First-year Alabama coach Kalen DeBoer already faced the gargantuan undertaking of replacing college football legend Nick Saban. Now, he is facing that task without his right-hand man following the news that the Crimson Tide’s offensive coordinator in 2024.
With Grubb instead heading to the NFL to be the offensive coordinator for the Seattle Seahawks, it leaves DeBoer without his longest-tenured confidant in the coaching ranks. The two worked together for 12 seasons across four different schools, developing a comfort level and rapport that led to Washington’s prolific offensive success the past two seasons.
Grubb called the plays for the Huskies during their 25-3 run over the past two years, which culminated with a loss to Michigan in the College Football Playoff National Championship Game. That’s the key element here. His role as offensive coordinator role wasn’t just an inflated title for the sake of increasing his pay grade, like we often see in college football.
DeBoer, a noted offensive guru himself, actually trusted Grubb with his scheme, and the results were magnificent as Washington ranked among the nation’s most prolific passing attacks each of the past two seasons. Grubb’s departure now forces DeBoer to either turn over play-calling to someone new or assume the duties himself.
There was an interesting element to the timing of Grubb’s departure from a roster management standpoint. Friday marked the end of the 30-day window for players to transfer following Saban’s retirement, meaning any Alabama players wishing to transfer as a result of Grubb’s decision will have to wait until the spring transfer window in April to enter the portal.
Where DeBoer goes from here
With ESPN reporting that Grubb will be taking Alabama offensive line coach Scott Huff with him to the Seahawks, the only logical alternative play-caller remaining on staff is Nick Sheridan, who was originally expected to coach Alabama’s tight ends. DeBoer’s other offensive hires — running backs coach Robert Gillespie and receivers coach JaMarcus Shepard — are not coaches he’s worked with previously and would surely need time to master DeBoer’s system before he trusts them to call plays.
Sheridan has the advantage of having worked with DeBoer at Indiana and at Washington as the Huskies’ tight ends coach for the past two seasons. He’s got Power Five coordinating experience at Indiana in 2020 and 2021 — albeit with mixed results — and had a front-row seat to what DeBoer and Grubb cooked up together the past two seasons. ESPN reported it’s likely that Sheridan and Shephard will be co-offensive coordinators. But DeBoer still must decide who will call the shots on game days.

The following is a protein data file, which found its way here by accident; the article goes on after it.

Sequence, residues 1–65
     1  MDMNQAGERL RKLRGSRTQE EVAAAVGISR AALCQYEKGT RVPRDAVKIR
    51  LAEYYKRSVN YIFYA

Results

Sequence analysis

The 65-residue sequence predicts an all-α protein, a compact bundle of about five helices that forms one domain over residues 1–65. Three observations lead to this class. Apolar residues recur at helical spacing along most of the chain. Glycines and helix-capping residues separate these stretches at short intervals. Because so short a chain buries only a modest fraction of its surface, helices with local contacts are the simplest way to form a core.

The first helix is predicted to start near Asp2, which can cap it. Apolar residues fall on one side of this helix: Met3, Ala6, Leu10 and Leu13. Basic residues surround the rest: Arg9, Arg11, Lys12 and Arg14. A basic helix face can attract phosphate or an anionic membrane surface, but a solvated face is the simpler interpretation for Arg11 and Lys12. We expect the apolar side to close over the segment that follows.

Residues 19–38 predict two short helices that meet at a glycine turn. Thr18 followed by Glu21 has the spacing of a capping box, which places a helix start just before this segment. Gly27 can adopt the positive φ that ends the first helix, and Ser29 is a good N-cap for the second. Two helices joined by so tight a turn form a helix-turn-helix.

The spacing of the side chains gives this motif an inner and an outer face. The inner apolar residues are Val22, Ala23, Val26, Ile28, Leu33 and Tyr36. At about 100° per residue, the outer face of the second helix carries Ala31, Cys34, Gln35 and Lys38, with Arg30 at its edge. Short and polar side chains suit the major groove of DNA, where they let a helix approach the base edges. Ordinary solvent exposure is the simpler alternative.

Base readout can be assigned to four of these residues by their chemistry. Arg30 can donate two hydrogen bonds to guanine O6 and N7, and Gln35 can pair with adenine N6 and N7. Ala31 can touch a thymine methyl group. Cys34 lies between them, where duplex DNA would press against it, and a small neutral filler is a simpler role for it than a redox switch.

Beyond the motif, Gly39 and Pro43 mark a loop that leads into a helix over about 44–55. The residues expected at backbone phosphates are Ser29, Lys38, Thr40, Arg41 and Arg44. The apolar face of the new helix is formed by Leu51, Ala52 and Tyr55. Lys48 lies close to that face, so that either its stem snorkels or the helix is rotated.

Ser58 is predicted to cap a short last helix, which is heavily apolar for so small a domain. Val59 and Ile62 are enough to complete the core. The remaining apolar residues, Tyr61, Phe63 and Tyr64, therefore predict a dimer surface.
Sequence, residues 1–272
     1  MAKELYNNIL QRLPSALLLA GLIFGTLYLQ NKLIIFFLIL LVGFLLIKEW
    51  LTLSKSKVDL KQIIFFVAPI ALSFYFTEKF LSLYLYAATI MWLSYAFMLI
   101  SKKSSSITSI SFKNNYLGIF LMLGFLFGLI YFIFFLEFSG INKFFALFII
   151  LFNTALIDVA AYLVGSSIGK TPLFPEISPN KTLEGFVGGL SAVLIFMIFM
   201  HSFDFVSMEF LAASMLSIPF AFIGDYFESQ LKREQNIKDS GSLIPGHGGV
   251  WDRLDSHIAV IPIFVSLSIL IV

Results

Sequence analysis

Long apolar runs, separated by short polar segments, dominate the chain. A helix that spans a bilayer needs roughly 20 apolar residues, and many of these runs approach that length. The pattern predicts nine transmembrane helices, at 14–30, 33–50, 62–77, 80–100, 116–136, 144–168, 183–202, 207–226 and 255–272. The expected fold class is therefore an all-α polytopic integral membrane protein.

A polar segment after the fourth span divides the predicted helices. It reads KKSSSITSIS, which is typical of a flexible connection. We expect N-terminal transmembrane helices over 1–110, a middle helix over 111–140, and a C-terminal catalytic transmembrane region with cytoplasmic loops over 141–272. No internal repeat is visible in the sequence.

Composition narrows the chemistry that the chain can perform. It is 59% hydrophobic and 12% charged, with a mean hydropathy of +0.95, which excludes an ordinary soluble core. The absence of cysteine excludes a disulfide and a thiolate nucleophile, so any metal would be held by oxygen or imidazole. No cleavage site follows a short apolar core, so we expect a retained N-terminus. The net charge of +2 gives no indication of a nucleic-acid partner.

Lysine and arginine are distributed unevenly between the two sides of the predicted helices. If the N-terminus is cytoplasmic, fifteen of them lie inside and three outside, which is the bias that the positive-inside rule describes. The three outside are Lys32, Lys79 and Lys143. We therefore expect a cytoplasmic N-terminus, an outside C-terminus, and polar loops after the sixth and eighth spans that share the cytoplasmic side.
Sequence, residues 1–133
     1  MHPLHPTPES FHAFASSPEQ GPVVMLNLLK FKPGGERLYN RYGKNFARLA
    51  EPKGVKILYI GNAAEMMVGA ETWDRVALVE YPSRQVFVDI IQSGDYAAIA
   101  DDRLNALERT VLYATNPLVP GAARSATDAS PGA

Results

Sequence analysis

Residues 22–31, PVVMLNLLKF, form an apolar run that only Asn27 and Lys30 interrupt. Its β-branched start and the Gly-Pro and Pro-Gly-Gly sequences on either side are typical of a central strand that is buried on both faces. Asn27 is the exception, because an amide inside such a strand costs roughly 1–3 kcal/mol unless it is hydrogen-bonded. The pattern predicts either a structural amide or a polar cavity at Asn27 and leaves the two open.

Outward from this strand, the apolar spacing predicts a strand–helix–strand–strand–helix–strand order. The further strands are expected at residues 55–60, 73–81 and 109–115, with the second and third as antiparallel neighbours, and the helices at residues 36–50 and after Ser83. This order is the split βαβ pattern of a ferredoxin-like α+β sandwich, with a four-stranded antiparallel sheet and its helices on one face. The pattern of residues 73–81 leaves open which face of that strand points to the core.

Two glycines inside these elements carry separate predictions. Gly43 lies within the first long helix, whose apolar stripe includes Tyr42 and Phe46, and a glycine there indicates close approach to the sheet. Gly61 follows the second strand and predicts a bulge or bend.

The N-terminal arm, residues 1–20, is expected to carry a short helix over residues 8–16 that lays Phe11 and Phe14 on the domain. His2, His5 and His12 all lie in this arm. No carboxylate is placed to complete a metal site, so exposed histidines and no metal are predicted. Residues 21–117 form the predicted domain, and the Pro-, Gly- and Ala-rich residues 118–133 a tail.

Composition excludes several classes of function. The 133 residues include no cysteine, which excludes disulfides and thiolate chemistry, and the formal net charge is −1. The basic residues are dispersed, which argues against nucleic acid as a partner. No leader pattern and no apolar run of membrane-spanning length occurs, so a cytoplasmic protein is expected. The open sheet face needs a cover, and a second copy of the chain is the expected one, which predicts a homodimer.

Doing it himself
DeBoer could call the plays himself, which is the route SEC peers such as Josh Heupel (Tennessee) and Billy Napier (Florida) have gone early in their tenures. But coaching at Alabama is truly akin to being a CEO, and calling plays requires a time commitment that could be overwhelming in light of everything else on DeBoer’s plate.
Missouri coach Eli Drinkwitz finally relinquished play-calling duties for the 2023 season — his fourth on the job — and the results were great. The Tigers finished 11-2 with a Cotton Bowl victory over Ohio State as they jumped from 81st nationally in total offense to 28th with Kirby Moore as offensive coordinator.
“I wasn’t embracing my role as the head coach,” Drinkwitz said before the Cotton Bowl. “I was trying to hold on to my ego of being the play caller. And I needed to step back and say, the job as a head coach is to build this team, empower other people to do their jobs, and really build connections amongst our players from player-to player, coach-to player, and from our team to our university and community.”
Ohio State coach Ryan Day is another prominent example of a big-time coach attempting to back away from play-calling duties. Originally, the Buckeyes planned on having the well-traveled Bill O’Brien as their offensive coordinator for the 2024 season. After O’Brien accepted the Boston College head coaching position, Day quickly pivoted and for the role.
DeBoer could try to make a splash himself and turn to an outside hire for the offensive coordinator job. But even if he were to pull a big name, there would be no familiarity. Ohio State can get away with that as Day enters his sixth season with ample returning talent and continuity in other coaching roles. But this is a totally revamped program at Alabama with new faces in key roles across the board and a head coach who has no SEC experience.
Grubb would have provided a sense of security and comfort for DeBoer. Now, he must adjust.